1. Work with an attorney.

The lawyer should be well-versed in the law and understand your workplace, advised Cathleen Bolek, an employment law attorney at Cleveland-based firm Bolek Besser Glesius. “If you have a workplace where everybody works in their own isolated office and only has very little interaction with anyone else, then your policy is going to be different than if you have 75 employees who work together in a call center or hospital setting,” she noted. 

With the help of any attorney, HR leaders and executive teams will also need to craft policies regarding what to do about employees who refuse to get vaccinated or who have legitimate health reasons for avoiding vaccination.

2. Consider all the repercussions.

On top of an ongoing staffing shortage, some healthcare organizations are losing even more workers to vaccine mandates. One New York healthcare organization let go of 1,400 employees who refused to get vaccinated. HR leaders need to help executive teams make a plan, whatever the fallout might be. 

“If [a healthcare organization is] going to go the route of mandating, they need to do so with a lot of forethought and with a master chess player’s perspective in mind,” said David Lewis, CEO of HR consulting firm OperationsInc. “Think about all of the dominos that will fall...and have a plan for dealing with all of those proactively.” 

New Technology

The pandemic forced a move to remote visits with doctors and a rapid increase in telehealth at its onset in the US. At the same time, new technology platforms are allowing medical providers to streamline daily workflows. These technological advances, however, while they offer many benefits, are also bringing new challenges to HR teams in the healthcare sector. 

Patient privacy is critical. Data breaches and other breaks of patient confidentiality could pose potential legal claims for a hospital or clinic. HR and IT departments need to work together to ensure the right systems are in place to protect patients, employees, and organizations, Salazar said. As a helpful guide to get you started, the US Office of the National Coordinator for Health Information Technology (ONC) has compiled this list of cybersecurity best practices and tips for the healthcare industry.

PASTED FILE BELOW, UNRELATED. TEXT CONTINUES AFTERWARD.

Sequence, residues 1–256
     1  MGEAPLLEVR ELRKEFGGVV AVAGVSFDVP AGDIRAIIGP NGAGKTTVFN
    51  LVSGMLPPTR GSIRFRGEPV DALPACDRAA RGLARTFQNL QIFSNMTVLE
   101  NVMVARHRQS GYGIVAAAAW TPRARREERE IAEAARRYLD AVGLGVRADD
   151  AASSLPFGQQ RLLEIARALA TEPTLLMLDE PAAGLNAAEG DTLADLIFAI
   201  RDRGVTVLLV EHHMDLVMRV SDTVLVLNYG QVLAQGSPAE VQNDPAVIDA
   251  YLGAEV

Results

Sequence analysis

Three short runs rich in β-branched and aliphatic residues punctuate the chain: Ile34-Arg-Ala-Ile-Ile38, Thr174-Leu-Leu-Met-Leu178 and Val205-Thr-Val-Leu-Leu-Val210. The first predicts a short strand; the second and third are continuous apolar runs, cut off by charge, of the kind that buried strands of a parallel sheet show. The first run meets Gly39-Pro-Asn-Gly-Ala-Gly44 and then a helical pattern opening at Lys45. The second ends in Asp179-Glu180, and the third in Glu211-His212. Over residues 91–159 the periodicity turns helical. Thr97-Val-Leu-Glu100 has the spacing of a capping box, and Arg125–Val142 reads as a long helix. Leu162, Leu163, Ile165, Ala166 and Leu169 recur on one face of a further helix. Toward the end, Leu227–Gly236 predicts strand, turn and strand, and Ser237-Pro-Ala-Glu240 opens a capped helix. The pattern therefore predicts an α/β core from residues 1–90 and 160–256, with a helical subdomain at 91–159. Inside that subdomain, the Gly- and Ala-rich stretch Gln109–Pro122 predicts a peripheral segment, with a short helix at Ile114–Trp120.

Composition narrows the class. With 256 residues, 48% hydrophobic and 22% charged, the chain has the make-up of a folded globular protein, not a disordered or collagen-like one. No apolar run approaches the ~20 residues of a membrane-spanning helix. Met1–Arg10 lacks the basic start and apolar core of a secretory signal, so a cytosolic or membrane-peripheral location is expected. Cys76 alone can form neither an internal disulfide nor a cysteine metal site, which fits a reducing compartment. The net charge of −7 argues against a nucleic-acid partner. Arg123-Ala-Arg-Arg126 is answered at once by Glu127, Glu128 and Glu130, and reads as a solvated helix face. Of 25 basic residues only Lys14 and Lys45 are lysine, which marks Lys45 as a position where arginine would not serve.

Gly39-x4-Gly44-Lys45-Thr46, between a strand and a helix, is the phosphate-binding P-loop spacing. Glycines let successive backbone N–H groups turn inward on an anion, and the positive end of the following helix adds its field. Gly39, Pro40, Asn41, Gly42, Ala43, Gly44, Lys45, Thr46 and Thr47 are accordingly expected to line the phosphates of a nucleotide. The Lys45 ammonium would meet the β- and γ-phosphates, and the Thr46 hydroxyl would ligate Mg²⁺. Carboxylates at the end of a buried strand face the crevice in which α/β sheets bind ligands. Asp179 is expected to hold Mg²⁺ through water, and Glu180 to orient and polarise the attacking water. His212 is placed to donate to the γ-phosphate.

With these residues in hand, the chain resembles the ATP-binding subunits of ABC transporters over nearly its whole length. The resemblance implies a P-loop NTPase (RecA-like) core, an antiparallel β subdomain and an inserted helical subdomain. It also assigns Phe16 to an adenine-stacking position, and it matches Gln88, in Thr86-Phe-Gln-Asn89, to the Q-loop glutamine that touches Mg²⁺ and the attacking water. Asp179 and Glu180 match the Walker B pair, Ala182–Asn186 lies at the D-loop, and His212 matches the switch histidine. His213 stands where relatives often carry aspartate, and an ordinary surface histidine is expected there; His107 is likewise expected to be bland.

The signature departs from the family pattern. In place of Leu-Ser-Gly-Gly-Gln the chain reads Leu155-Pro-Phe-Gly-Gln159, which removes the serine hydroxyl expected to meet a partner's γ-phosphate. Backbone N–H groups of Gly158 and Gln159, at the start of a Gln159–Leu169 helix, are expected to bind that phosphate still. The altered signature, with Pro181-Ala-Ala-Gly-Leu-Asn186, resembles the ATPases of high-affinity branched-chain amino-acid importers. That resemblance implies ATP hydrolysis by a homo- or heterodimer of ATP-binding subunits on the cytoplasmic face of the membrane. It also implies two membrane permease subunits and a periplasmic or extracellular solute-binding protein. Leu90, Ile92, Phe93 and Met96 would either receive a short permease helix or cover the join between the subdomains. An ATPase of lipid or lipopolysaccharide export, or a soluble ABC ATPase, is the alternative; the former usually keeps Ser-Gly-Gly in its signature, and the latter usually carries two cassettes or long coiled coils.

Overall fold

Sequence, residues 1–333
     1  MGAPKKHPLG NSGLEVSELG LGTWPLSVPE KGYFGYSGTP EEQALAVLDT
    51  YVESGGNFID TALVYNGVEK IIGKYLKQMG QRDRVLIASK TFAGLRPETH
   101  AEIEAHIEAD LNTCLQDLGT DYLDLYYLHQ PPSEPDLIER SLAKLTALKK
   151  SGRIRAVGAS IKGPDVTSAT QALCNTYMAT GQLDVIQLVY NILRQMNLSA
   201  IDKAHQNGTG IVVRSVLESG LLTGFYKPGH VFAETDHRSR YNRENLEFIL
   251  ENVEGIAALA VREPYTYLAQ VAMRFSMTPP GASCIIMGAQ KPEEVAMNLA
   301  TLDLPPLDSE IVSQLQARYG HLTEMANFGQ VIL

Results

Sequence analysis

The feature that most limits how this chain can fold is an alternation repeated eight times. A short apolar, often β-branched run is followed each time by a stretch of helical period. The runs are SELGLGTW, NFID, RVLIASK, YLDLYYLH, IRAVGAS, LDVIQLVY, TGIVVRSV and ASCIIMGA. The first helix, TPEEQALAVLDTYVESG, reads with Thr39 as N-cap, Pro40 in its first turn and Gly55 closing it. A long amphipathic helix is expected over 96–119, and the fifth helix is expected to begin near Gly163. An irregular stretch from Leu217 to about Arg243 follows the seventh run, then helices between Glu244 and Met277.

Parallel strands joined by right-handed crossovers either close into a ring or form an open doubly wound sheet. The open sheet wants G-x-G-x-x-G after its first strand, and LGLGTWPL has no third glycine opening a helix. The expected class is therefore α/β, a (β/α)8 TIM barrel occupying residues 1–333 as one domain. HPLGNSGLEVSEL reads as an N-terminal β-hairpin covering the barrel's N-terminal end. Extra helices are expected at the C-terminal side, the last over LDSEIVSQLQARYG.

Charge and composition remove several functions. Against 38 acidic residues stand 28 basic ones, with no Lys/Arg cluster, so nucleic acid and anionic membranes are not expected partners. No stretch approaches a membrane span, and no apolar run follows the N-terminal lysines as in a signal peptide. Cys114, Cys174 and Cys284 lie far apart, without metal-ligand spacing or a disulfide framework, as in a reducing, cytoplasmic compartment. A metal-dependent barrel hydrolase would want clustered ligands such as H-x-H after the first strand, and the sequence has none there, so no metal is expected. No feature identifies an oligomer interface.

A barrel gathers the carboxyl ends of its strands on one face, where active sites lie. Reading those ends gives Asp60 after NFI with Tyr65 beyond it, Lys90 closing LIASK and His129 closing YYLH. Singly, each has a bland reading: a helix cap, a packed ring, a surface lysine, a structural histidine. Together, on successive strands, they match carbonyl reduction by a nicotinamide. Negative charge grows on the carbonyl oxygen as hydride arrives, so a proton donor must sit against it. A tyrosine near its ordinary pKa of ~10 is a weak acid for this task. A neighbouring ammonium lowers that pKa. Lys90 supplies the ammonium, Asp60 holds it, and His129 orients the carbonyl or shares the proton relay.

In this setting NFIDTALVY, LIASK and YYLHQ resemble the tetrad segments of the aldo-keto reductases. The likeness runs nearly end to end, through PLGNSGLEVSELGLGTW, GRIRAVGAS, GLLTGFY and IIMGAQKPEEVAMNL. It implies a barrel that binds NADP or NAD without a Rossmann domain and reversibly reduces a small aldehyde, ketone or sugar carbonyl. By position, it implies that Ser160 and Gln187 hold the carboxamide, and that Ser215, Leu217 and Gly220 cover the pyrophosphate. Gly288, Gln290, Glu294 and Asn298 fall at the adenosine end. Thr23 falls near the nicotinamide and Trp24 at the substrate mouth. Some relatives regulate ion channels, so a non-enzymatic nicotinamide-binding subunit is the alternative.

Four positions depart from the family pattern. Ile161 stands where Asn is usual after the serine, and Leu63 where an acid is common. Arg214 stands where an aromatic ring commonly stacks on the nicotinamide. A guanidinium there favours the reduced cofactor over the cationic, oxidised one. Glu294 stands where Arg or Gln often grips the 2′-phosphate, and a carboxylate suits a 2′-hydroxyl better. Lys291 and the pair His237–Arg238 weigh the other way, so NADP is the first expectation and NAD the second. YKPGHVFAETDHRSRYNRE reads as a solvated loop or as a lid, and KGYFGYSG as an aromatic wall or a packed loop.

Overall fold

But as healthcare companies deploy new technologies aimed at stripping away daily hassles for providers, HR leaders and executive teams need to ensure they aren’t also stripping away high-quality patient care and forgetting the human side of healthcare, Salazar cautioned.

The technology used should increase access to medical professionals, advised Salazar. “We want to make sure our policies and procedures as [they] relate to [the] technology that we’re implementing will help connect human beings and not put up a wall between them,” he said.

As the COVID-19 pandemic continues, healthcare HR teams will face incredible obstacles as they ensure medical professionals are staffed and in place to treat patients. During this stressful period, there are no quick fixes to resolving staffing shortages, burnout, or attrition. But Human Resources leaders can still help and make a difference even amid these difficult circumstances. By being empathetic and understanding, offering opportunities to build cohesiveness among staff members, and ensuring employees are fairly rewarded for jobs well done, HR departments can build strong, resilient, and engaged teams and contribute to a workforce that feels valued and appreciated for the critical, often life-saving work they’re doing, in ways that truly matter.